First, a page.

Five Marketing Myths That Mess Up Your Lead Generation

Five Marketing Myths That Messes Up Your Lead Generation

If we look at how businesses operate here in the Southeast Asian region, especially those in the IT sector, you might say that B2B lead generation campaigns have not changed at all. Sure, the way we do it may have changed, but the need to generate more sales leads for your business remains the same. And while we are at it, we would be planning ahead with regards to our marketing campaigns, and ensuring that our work really gets us to our goals. Now, the funny part here is that we are often guided in our work by our beliefs. But what would happen if what we believe in are just myths? Would that not mess up the way we handle things? If that is the case, then we should eliminate these myths. Myths such as:

  1. It is all strategic – think of this as long-term plans meant to bring you the B2B leads you are after, but are actually nothing more than experiments on what to do and what not to do. More often than not, this will just lead you to failure. You should try avoiding that. Actually, if you really want a solution in marketing, you should take a tactical approach, more akin to reacting to what market trends and tastes dictate.
  2. Marketing is sales – while, at first glance, this makes sense, in actuality, this is also a mistaken belief. Marketing teams do not bring in the money, sales teams do that. Marketing is all about the analysis and formulation of plans, sales handles the actual implementation. If you want to truly get good results for your marketing campaign, focus on sales. Marketing will pick it up from there.
  3. Marketering is all about the selling – again, another misguided observation. To tell you the truth, marketers rarely do the selling. They are just there to create the tools and processes that enable sales to do their job right. Most of the time, they actually end up producing the wrong tools, or ones that perform sub-par. Still, it cannot be denied that they are what you need in working on winning more sales leads in your telemarketing campaigns.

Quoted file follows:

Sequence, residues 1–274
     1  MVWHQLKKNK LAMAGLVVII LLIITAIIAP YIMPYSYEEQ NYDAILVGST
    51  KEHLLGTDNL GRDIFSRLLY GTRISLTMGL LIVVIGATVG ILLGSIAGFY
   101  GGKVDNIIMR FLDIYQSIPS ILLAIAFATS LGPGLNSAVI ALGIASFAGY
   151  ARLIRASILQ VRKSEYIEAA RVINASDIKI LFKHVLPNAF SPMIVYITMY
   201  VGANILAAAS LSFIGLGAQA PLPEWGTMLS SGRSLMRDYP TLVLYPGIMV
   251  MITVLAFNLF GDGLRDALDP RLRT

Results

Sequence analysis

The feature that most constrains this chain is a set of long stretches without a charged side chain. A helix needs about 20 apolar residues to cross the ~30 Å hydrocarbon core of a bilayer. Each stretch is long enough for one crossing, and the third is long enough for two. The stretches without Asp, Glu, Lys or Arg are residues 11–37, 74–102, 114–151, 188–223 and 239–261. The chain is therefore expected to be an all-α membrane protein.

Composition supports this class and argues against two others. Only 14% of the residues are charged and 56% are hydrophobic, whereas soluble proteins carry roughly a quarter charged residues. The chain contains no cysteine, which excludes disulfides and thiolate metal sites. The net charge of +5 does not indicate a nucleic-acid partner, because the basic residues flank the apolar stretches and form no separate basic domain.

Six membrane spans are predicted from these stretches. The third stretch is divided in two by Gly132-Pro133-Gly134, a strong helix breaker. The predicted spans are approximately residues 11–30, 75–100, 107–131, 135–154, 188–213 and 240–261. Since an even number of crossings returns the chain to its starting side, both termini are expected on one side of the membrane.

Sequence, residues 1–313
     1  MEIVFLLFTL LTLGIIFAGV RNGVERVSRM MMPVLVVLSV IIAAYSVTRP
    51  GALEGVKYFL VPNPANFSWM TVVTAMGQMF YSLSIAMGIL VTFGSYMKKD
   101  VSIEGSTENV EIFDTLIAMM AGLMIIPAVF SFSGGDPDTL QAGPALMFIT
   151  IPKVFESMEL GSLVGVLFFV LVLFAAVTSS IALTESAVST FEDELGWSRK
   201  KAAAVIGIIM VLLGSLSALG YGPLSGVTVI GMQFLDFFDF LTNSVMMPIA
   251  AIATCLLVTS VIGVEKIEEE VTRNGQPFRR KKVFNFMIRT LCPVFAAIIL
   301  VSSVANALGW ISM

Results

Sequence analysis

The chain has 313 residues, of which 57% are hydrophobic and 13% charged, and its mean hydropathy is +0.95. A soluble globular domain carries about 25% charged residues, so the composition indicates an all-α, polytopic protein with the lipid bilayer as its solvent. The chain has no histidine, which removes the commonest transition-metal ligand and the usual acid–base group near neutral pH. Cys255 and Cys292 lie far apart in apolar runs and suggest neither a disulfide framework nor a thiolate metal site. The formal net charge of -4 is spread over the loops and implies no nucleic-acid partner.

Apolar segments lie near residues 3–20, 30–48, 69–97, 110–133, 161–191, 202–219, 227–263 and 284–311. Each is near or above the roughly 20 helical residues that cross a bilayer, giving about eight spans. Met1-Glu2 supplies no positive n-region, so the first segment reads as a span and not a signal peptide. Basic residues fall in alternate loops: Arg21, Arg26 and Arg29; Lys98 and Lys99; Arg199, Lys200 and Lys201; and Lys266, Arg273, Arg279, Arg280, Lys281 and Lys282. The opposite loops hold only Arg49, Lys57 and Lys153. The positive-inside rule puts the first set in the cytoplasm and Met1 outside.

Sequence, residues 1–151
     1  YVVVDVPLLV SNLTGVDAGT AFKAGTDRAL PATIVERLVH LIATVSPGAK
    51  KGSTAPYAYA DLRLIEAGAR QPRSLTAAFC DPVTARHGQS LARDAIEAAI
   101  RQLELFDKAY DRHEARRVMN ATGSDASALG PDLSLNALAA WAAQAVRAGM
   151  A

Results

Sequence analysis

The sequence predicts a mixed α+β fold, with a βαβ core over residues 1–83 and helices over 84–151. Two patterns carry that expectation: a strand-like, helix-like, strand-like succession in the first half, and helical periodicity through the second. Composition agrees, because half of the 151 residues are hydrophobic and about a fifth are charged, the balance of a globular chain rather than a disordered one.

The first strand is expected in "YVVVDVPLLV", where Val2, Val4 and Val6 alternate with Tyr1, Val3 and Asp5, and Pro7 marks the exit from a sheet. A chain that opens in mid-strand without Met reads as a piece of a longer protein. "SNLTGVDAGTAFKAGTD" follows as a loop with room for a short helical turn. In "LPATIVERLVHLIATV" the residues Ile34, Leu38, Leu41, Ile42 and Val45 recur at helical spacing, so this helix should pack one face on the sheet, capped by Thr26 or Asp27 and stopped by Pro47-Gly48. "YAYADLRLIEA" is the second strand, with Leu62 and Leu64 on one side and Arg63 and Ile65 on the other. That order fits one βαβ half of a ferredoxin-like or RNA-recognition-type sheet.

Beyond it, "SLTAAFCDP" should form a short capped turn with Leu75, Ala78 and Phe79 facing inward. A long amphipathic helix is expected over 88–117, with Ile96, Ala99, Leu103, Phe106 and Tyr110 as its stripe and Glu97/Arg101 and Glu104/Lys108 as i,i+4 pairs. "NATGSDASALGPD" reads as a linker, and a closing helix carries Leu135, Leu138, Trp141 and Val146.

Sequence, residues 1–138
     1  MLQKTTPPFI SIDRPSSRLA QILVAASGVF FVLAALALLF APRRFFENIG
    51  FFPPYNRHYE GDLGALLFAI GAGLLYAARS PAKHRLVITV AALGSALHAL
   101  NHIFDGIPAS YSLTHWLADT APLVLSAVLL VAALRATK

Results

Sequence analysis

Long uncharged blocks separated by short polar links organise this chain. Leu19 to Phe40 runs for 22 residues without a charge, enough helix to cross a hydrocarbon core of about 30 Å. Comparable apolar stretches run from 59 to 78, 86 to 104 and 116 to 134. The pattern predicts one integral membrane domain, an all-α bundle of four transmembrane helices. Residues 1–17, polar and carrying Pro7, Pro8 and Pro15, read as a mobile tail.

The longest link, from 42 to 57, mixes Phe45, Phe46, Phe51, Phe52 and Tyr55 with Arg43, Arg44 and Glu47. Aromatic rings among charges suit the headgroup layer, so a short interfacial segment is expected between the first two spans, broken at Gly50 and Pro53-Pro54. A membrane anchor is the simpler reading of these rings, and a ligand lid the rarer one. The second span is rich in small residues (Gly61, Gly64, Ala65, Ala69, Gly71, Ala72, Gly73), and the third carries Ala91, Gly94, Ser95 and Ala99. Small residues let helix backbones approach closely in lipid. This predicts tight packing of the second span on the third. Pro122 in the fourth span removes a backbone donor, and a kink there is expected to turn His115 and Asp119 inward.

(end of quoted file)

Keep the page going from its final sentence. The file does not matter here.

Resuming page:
4. Brand is everything – it may sound sensible in today’s brand-conscious market, do people really worry about the brand of what they buy? Most of the time, all they care about is whether this is cheap enough and good enough to solve the need at hand. If your business can provide something like that, then you can be sure that your customers really will come. All the better for your B2B appointment setting efforts.
  5. The future can be predicted marketing – to be honest, no one knows what the future will bring, and even if marketing can have a more accurate picture, it is still pretty much an unknown factor. The best you can do is to prepare for any eventuality, and deal with it quickly.

If you can get rid of these erroneous thoughts, then the better your B2B lead generation campaign will be.

Waging the battle: Marketing Lessons from Sun Tzu’s The Art of War


It’s no longer a novelty to compare warfare to the business world. Both undertakings deal with strategic planning, predicting behavior, self-improvement and engaging with competition. And when you talk about warfare, it is almost impossible not to mention The Art of War.

Written by a high-ranking Chinese military officer named Sun-Tzu more than 2,500 years ago, the book is devoted on military tactics and ideologies, and has been one of the most respected doctrines that have influenced both Eastern and Western warfare culture. It has been translated into multiple languages and considered a “universal” source of wisdom.

Marketing, just like warfare, is an art bound by principles:

“Ponder and deliberate before you make a move.” Whether through social media, email, events or telephone calls, every marketing effort requires planning and preparation. Dealing with prospects is a delicate process where one mistake can dictate the fate of a company. There’s no room for haste.

“If ignorant both of your enemy and yourself, you are certain to be in peril.” True, only in marketing, your enemy is circumstance. Marketers must understand its own brand before they present it to the world. Peril is when a prospect over the phone feels you’re not knowledgeable enough. Peril is when your online readers feel you don’t understand their needs. In short, peril is when you don’t have a clue of what’s going on out there.